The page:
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Galatians--Part 11

Aug 14, 2010

In Galatians 3:10-14, Paul makes the contrast between Moses and Abraham insofar as they were types of the Old and New Covenants. In this, he focuses primarily on the terms of these covenants.

(10) For as many as are of the works of the Law are under a curse; for it is written, "Cursed is everyone who does not abide by all things written in the book of the Law to perform them."

Paul speaks here of Judaism itself as well as the Judaizers in the Church, all of whom "are of the works of the Law." He means that those who depend upon their works, their performance, are under the curse of the Law. Under the Old Covenant, the people vowed obedience, not only at Mount Sinai when the Law was given (Ex. 19:8), but also 40 years later in Deut. 27:26, the verse that Paul quotes above. Deut. 27:26 reads in full,

(26) Cursed is he who does not confirm the words of this law by doing them. And all the people shall say, "Amen."

If we were to write up a list of Israelites who actually performed the requirement of the law, the list would be blank. Not even Moses himself was fully obedient, for he was disqualified from entering the Promised Land.

So the Old Covenant involved the people's vow of obedience, and none of them kept their vow. Their vow was the condition set forth by the Old Covenant by which they would receive the blessing of God, which we know as "justification." Because all of them were disobedient, the law could only curse them (i.e., judge them for sin).

Paul understood this clearly. He knew that justification could come only by the New Covenant established by Abraham and later ratified by the blood of Jesus. So he says in verse 11,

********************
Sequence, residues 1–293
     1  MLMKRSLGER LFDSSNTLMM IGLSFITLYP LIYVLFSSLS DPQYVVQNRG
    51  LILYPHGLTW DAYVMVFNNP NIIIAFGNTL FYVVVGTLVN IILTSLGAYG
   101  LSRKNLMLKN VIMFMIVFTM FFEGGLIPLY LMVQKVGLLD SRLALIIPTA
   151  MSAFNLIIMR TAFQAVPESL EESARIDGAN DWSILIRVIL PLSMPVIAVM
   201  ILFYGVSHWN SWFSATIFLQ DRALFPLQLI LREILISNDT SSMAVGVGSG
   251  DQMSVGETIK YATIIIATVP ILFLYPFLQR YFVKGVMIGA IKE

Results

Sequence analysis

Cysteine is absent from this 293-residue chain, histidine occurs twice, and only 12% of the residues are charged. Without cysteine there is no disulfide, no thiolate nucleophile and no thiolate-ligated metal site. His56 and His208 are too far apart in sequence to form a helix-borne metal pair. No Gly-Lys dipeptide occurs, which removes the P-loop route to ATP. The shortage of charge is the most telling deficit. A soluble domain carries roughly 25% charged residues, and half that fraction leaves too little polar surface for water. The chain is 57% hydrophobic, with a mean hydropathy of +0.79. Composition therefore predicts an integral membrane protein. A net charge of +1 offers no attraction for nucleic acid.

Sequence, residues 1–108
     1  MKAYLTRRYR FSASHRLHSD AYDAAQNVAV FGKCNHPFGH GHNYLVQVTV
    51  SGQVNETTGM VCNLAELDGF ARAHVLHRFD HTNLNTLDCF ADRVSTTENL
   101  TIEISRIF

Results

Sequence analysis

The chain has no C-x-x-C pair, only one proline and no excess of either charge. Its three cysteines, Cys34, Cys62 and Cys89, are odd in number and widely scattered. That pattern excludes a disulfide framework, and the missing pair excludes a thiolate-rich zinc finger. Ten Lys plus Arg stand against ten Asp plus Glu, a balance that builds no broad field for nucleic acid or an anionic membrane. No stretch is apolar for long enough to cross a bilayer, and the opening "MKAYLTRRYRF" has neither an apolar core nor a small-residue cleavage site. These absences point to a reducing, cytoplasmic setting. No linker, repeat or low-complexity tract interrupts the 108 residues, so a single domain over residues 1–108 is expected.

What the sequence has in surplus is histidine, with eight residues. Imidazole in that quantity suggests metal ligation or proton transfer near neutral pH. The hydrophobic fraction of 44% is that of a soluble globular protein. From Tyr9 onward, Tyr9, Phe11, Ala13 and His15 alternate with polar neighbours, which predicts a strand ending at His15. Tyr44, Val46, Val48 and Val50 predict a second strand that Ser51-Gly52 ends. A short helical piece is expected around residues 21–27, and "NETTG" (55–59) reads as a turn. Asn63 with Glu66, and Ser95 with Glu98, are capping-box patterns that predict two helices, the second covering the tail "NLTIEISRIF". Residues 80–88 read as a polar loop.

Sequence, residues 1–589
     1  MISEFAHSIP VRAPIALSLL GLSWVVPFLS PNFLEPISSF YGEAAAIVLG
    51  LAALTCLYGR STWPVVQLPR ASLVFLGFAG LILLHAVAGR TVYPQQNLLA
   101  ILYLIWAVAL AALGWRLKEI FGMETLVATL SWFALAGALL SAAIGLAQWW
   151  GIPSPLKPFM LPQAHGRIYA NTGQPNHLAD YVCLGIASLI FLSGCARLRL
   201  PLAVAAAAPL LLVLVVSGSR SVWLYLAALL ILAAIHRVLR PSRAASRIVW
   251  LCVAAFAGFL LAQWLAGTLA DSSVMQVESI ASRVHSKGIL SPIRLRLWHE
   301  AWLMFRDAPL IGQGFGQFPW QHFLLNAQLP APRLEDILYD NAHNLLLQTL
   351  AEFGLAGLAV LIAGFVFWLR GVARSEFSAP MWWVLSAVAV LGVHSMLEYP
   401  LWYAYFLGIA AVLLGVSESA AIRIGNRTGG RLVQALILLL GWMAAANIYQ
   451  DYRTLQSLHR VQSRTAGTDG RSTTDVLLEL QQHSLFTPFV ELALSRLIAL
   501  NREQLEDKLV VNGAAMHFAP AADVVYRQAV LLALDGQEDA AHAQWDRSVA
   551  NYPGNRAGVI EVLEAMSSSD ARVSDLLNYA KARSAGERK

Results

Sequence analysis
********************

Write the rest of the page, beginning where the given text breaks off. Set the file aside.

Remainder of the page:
(11) Now that no one is justified by the Law before God is evident; for "The righteous man shall live by faith."

Here Paul quotes Habakkuk 2:4, another of the prophets, showing that life (i.e., immortality) comes through faith, rather than by one's ability to be perfectly obedient to the law. Paul continues in Gal. 3:12,

(12) However, the Law is not of faith; on the contrary, "He who practices them shall live by them."

This is a quote from Lev. 18:5,

(5) So you shall keep My statutes and My judgments, by which a man may live if he does them; I am the Lord.

The Old Covenant offered Israel an impossible path to immortal life. All a person had to do was to keep the law perfectly! Obviously, the people did not understand the real implications of this, for they continued to have confidence that if they were zealous enough to keep the law, then they would be justified before God.

(13) Christ redeemed us from the curse [judgments] of the Law, having become a curse for us--for it is written, "Cursed is everyone who hangs on a tree."

The Law, which was meant for our good (Rom. 7:13), became a curse to us, because it lacked the power to justify sinners. It could only bring down the judgments of the Law upon anyone who was disobedient. But Jesus came to hang on a tree in order to fulfill Deut. 21:23, which pronounces a curse upon those who are hanged on a tree. It was a common form of execution in those days to kill someone and to hang his body on a tree or post (or even on the wall of a town as in 1 Sam. 31:10) as an example to others.

In this way Jesus took the curse of the Law upon Himself, paying its full penalty for the sin of the whole world. . .

(14) in order that in Christ Jesus the blessing of Abraham might come to the Gentiles [nations], so that we might receive the promise of the Spirit through faith.

There is no "blessing of Moses," but only "the blessing of Abraham." And because Abraham was to be a blessing to all the families of the earth, the scope of the blessings that come by faith is universal.


This is the eleventh part of a series titled "Galatians." To view all parts, click the link below.

Galatians


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Dr. Stephen Jones


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